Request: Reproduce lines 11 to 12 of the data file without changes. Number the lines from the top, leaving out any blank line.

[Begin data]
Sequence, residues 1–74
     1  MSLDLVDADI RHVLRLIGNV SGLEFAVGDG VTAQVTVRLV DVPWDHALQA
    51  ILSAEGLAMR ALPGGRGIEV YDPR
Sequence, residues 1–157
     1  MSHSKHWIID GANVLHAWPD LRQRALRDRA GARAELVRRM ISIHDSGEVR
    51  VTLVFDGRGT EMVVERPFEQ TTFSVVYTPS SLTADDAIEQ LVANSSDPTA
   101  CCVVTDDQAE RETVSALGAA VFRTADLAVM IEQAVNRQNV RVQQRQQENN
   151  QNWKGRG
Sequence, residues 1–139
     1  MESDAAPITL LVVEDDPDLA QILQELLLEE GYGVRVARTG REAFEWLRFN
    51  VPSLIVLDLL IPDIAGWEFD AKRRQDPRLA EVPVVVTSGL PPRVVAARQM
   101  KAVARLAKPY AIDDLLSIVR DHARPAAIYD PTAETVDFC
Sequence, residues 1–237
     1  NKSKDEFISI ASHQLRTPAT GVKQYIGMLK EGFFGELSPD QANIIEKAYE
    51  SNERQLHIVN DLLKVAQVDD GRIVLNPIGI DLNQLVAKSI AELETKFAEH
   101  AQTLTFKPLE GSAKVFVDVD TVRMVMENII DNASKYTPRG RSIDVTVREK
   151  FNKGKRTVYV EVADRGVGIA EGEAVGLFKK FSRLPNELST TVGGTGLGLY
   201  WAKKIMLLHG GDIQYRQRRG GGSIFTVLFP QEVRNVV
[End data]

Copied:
    51  VPSLIVLDLL IPDIAGWEFD AKRRQDPRLA EVPVVVTSGL PPRVVAARQM
   101  KAVARLAKPY AIDDLLSIVR DHARPAAIYD PTAETVDFC